RAPTORS-BUCKS: A repeat of 2017 playoff matchup but, this time, Milwaukee doesn’t have Dellavedova
It’s hard to say if the Milwaukee Bucks are in a better position to get to the NBA Finals, now that Kawhi Leonard’s buzzer beater finally went through the net.
At 7:30 p.m. Wednesday, the series between the Bucks and Toronto Raptors gets started from Milwaukee.
Coverage Wednesday on WKTY 96.7 FM / 580 AM will begin at 7 p.m. — the Brewers-Phillies game will be on WIZM 92.3 FM / 1410 AM
The teams that finished Nos. 1 and 2 in the regular season face off in a rematch of a 2016-17 playoff matchup that went to Toronto in six.
From that series, both teams have kept some of their core but upgraded everything around them drastically.
The Bucks retain Giannis Antetokounmpo, Khris Middleton and Malcolm Brogdon, but the role players are much improved from the likes of starters Thon Maker, Tony Snell. Greg Monroe, the ageless Jason Terry and NBA champion Matthew Dellavedova played major minutes off the bench for the Bucks back then.
The Raptors still have Kyle Lowry and Serge Ibaka, but their best players are newcomers. Insert Leonard for DeMar DeRozan, switch in Marc Gasol for Jonas Valanciunas, Add Piscal Siakam and switch Danny Green for DeMarre Carroll.
Oddly, the difference in that series might have been because of one of the dumber Milwaukee Bucks trades, in which they gave up a first-round pick and rookie second-rounder Norman Powell out of UCLA for then-28-year-old Greivis Vasquez, who seemed more like 38 years old.
In the series, the Bucks stole Game 1 at Toronto and were up 2-1 heading back to Milwaukee.
That’s when the Raptors inserted Powell into the starting lineup and never lost again.
Powell had a nice Game 4, then single-handedly beat the Bucks in Game 5, scoring 25 on 8 of 11 shooting, including nailing all four of his 3-pointers. Toronto did shoot 57.7 percent in that game, however.
Powell wasn’t the difference in eliminating the Bucks in Game 6. DeRozan scored 32 and Dellavedova played 34 minutes, which about sums that up.
As for this season, the top-seeded Bucks (60-12) are 3-1 against the Raptors (58-14), but one of those wins was without Leonard, and all four of those games were without Gasol, who was acquired at the Feb. 7 trade deadline.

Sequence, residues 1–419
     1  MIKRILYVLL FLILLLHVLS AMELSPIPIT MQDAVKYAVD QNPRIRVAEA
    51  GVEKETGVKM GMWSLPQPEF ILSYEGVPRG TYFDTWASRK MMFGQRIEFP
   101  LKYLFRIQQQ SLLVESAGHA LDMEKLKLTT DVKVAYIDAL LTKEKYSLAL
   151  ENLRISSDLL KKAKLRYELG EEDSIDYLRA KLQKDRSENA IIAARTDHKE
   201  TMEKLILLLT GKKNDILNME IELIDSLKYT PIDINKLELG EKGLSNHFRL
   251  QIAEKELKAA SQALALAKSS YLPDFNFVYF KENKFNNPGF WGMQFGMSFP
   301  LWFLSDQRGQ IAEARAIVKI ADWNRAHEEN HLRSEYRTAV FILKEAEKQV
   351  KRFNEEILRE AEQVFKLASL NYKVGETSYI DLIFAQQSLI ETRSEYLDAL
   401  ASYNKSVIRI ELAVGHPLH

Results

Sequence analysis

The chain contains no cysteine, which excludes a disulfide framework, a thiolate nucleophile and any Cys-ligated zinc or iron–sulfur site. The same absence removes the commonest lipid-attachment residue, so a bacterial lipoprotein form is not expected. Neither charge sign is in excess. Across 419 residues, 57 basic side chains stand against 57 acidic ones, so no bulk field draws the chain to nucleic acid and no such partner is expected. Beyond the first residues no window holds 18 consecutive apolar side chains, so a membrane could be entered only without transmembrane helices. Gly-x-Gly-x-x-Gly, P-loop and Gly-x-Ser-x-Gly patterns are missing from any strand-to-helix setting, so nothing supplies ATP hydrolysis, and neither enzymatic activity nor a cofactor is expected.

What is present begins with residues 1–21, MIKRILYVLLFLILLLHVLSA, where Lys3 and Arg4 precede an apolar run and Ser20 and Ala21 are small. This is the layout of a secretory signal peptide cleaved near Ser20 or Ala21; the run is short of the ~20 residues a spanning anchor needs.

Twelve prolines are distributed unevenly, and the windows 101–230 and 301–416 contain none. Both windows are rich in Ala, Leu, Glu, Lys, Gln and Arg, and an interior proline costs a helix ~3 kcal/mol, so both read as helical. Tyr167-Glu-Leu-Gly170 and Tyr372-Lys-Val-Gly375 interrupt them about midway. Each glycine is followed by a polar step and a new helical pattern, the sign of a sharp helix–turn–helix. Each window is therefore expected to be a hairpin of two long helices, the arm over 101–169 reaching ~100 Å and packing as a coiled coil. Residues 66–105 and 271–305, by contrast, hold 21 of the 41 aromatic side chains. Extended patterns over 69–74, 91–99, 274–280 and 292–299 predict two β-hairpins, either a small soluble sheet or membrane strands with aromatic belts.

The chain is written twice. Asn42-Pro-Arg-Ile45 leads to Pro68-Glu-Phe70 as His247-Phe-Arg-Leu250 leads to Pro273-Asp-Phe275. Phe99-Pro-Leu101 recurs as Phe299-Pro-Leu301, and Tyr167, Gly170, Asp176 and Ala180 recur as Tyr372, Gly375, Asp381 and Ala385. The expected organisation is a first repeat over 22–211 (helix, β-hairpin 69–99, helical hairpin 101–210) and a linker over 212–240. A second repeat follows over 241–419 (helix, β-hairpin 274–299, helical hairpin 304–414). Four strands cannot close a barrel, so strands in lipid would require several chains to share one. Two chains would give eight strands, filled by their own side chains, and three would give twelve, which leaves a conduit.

Gasol does so many things better than Valanciunas — who was traded in the deal. Gasol is a much better passer — one of the best bigs in the NBA.
The 34-year-old can also shoot the 3-pointer — he went 6-for-12 in a Memphis Grizzlies win over the Bucks earlier this season. In another Memphis loss to Milwaukee, he was 2-for-4.
He’s also 7-feet tall, so, combined with 6-10 Serge Ibaka and 6-9 Pascal Siakam, the Bucks will have an even more difficult time at the rim than against the Boston Celtics — and this isn’t even factoring in Leonard being the best defensive player in the league.
Offensively, in three games against Milwaukee, Leonard averaged 22 points on 42.6 percent shooting — 30 percent from deep — 7.7 rebounds, 4.0 assists, 3.3 steals, .7 blocks and just 1.1 turnovers.
It’ll be interesting to see if Leonard matches up against Antetokounmpo or sticks with Khris Middleton. Siakam — in his third season, a breakout one for the 25-year-old — could likely guard the Greek Freak while the Raptors put up an Ibaka-Gasol wall much like Boston did with Al Horford and company.
For Antetokounmpo, in four games against Toronto, the 24-year-old has averaged 27 points on 58.5 percent shooting, 15.3 rebounds, 5.0 assists, 1.7 steals, 1.0 blocks and 3.0 turnovers.
The rest of the Bucks starters — Middleton, Eric Bledsoe, Brook Lopez, Brogdon — have all averaged double figures against Toronto.
It’s hard to gauge whether this series will be won at the rim or beyond the arc. Or, it could be something like offensive rebounding, which is the reason why Toronto won Game 7 on Sunday (a 16-to-5 advantage on the offensive glass and 24 more field goal attempts).
Every player on the floor for Toronto and Milwaukee will, for the most part, be able to shoot the 3-pointer. Against the Sixers, Toronto wasn’t great from deep, shooting just 30.8 percent, while Milwaukee was 34.3 percent in the five-game series against the Celtics.
PHOTO – AP FILE – Milwaukee Bucks’ Matthew Dellavedova fouls Toronto Raptors’ DeMar DeRozan during the first half of Game 4 of an NBA first-round playoff series basketball game Saturday, April 22, 2017, in Milwaukee. (AP Photo/Morry Gash)